Abandoned Mines: The budget would eliminate Abandoned Mine Land Grants, which provided $115 million in discretionary funds last year to help places like Southwest Virginia reclaim and repurpose abandoned coal lands.
Virginia Tribes: The budget would reduce housing block grants to tribes by more than one quarter. Virginia tribes rely on these funds to develop low-income housing.
Affordable Housing: The budget would eliminate the Choice Neighborhoods, Community Development Block Grant (CDBG), and HOME Investment Partnerships programs—programs that support the building and rehabilitation of affordable housing. In 2019, Virginia cities and counties received $57 million in CDBG grants and $25 million in HOME grants. In 2018, Newport News and Norfolk received $60 million in Choice Neighborhoods grants to build affordable housing in the Marshall-Ridley neighborhood and St. Paul’s area, respectively.
Economic Development Administration (EDA): The budget would eliminate the EDA. Virginia was awarded 12 EDA grants for $4 million in 2018, including funding to help the Commonwealth Center for Advanced Manufacturing (CCAM) build an apprenticeship academy and prepare young Virginians for jobs in a growing industry.
Federal Employees: The budget would make federal employees’ health and retirement benefits more expensive for workers.
WASHINGTON – U.S. Sen. Mark R. Warner (D-VA), a member of the Senate Budget Committee, issued the following statement today following the Senate passage of the Bipartisan Budget Act of 2019, a two-year bipartisan budget deal that would suspend the debt ceiling until July 2021:
“Today I voted to preserve the full faith and credit of the United States and steer us away from another harmful government shutdown in the fall. By suspending the debt ceiling for two years, the bipartisan budget agreement guarantees that the United States will continue to pay our bills, while also preventing harmful sequester cuts that would hurt our military and jeopardize important programs that serve our veterans, prepare our children for the future, and rebuild our crumbling roads and bridges.
“Even with this deal, overall spending on education, research and development, homeland security, and other important investments will still be near historic lows as a percent of the economy. Our nation’s long-term fiscal challenges are real, but they are primarily due to declining tax revenue and a failure to reform our mandatory spending programs. It is disappointing that congressional and White House negotiators chose to pay for only a fraction of this deal, with fee increases and cuts to spending, when there are more sustainable and equitable ways we could have paid for this must-pass legislation. We should be asking large corporations and the wealthiest among us to contribute more—not putting $2 trillion in tax breaks that disproportionately benefit them on the nation’s credit cards. I continue to believe that we must do more to strengthen our nation’s balance sheet, so it is strong enough to sustain continued economic growth for the long term, and I urge my colleagues from both parties to more seriously address our financial challenges in the future.”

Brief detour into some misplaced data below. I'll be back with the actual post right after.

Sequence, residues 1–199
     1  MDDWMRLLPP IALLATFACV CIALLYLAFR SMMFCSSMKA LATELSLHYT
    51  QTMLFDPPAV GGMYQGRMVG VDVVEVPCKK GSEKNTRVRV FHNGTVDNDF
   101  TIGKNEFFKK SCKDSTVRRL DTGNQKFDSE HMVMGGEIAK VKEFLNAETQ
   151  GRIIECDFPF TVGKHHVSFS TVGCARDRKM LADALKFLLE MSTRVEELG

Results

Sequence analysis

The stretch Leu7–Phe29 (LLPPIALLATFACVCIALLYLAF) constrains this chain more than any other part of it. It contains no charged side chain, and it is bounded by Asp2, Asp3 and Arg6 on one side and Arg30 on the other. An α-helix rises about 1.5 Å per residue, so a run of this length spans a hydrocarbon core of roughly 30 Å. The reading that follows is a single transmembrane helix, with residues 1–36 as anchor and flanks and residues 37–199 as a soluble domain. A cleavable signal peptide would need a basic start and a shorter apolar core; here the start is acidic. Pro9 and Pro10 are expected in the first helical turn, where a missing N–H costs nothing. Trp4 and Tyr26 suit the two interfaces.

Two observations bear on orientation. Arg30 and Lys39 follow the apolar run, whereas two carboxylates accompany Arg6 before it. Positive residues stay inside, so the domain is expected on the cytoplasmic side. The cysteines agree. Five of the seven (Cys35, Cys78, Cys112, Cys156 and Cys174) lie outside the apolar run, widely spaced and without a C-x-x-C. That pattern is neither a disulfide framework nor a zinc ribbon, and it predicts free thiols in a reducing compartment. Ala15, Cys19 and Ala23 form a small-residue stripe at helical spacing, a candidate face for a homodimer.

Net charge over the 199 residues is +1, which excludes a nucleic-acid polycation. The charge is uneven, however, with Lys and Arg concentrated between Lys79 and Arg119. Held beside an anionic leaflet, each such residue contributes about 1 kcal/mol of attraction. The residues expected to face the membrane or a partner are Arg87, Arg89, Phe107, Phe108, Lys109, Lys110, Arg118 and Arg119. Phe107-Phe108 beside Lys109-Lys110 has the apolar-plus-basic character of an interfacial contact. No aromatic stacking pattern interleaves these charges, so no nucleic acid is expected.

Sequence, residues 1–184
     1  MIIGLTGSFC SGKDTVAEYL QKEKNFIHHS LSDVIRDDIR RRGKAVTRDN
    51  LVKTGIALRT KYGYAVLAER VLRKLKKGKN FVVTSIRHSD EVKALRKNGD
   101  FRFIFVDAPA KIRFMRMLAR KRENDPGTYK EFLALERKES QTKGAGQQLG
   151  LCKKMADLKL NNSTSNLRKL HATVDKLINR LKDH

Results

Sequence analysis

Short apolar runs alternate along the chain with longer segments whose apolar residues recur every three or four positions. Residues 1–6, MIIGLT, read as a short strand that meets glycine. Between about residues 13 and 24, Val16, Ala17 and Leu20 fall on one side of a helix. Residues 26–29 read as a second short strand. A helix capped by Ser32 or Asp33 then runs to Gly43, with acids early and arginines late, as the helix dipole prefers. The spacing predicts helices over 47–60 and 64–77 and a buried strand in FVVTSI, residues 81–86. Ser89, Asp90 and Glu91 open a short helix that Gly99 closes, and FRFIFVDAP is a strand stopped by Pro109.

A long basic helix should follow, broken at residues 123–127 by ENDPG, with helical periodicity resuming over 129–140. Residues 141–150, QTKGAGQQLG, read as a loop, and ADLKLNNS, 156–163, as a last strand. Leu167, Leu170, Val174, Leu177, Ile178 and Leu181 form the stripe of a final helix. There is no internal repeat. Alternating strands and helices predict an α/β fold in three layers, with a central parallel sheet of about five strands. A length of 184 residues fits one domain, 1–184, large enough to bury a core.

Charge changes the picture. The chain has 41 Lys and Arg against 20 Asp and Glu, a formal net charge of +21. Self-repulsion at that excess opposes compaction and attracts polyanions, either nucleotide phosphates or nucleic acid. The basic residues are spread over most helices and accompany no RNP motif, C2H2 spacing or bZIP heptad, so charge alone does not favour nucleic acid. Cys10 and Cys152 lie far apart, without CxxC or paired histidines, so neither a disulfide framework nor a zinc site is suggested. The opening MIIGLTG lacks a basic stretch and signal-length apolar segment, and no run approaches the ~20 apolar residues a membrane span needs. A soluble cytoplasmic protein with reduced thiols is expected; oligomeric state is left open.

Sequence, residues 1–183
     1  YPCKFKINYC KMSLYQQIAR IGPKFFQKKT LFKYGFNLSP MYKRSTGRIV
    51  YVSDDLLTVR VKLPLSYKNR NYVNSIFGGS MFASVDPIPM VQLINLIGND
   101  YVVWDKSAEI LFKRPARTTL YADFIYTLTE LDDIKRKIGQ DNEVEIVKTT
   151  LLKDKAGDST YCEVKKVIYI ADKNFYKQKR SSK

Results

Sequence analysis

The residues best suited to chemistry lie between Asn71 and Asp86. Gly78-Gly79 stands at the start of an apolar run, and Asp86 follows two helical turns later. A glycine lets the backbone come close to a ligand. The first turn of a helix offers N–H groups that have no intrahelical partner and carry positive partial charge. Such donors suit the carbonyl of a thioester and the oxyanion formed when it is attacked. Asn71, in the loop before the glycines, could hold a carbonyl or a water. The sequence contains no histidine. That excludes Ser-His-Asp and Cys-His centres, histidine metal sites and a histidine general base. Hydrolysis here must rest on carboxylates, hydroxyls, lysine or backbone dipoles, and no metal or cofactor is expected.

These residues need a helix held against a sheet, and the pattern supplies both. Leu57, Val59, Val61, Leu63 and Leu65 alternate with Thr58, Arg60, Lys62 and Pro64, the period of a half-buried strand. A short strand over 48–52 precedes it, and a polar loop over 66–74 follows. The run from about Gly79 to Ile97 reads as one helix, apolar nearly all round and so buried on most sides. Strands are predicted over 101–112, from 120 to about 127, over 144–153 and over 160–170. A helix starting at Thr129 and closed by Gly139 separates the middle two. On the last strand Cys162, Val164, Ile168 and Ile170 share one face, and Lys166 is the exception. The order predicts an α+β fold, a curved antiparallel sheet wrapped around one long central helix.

The legislation, which passed the House of Representatives on July 25 by a vote of 284 – 149, now heads to the President’s desk for approval.
Bipartisan Group of Senators Push White House Budget Office to Publish Comprehensive List of Federal Programs
Jul 17 2019
WASHINGTON, D.C. – A bipartisan group of senators, led by Senate Budget Committee Chairman Mike Enzi (R-WY) and Senator James Lankford (R-OK), is calling on the White House Office of Management and Budget (OMB) to make a list of all federal programs publicly available on a central government-wide website in order to identify and eliminate program waste and duplication. In addition to Senators Enzi and Lankford, the group included Senators John Kennedy (R-LA), Mike Braun (R-IN), Mike Crapo (R-ID), David Perdue (R-GA), Mitt Romney (R-UT), Kevin Cramer (R-ND), Kyrsten Sinema (D-AZ), Ron Johnson (R-WI), Pat Toomey (R-PA), Rick Scott (R-FL), Maggie Hassan (D-NH), Mark Warner (D-VA), Gary Peters (D-MI), Lindsey Graham (R-SC) and Chuck Grassley (R-IA).
Providing a comprehensive list of these federal programs “is critical to helping Congress make informed budgetary decisions and ensuring that we are able to identify – and take appropriate steps to eliminate – duplication, fragmentation, and overlap in federal programs,” wrote the senators. This list “is a key component of ongoing efforts to improve the federal budgeting process, including by better incorporating performance metrics into budget decision-making.”
The Government Performance and Results Modernization Act of 2010 requires OMB to issue guidance to agencies for implementing the inventory requirement and identifying information about each program for publication. An initial program inventory published by OMB in May 2013 had 1,524 programs, but in October 2014, the Government Accountability Office (GAO) found that the 2013 effort had fallen short. GAO made a number of recommendations to OMB to update relevant guidance, develop a more coherent picture of all federal programs, and better ensure information is useful for decision-makers. These recommendations remain open.
The senators specifically want to know OMB’s strategy and timeline for the program inventory. They also are requesting information about the process OMB is using in its approach to developing a federal program inventory.
Read the full letter here.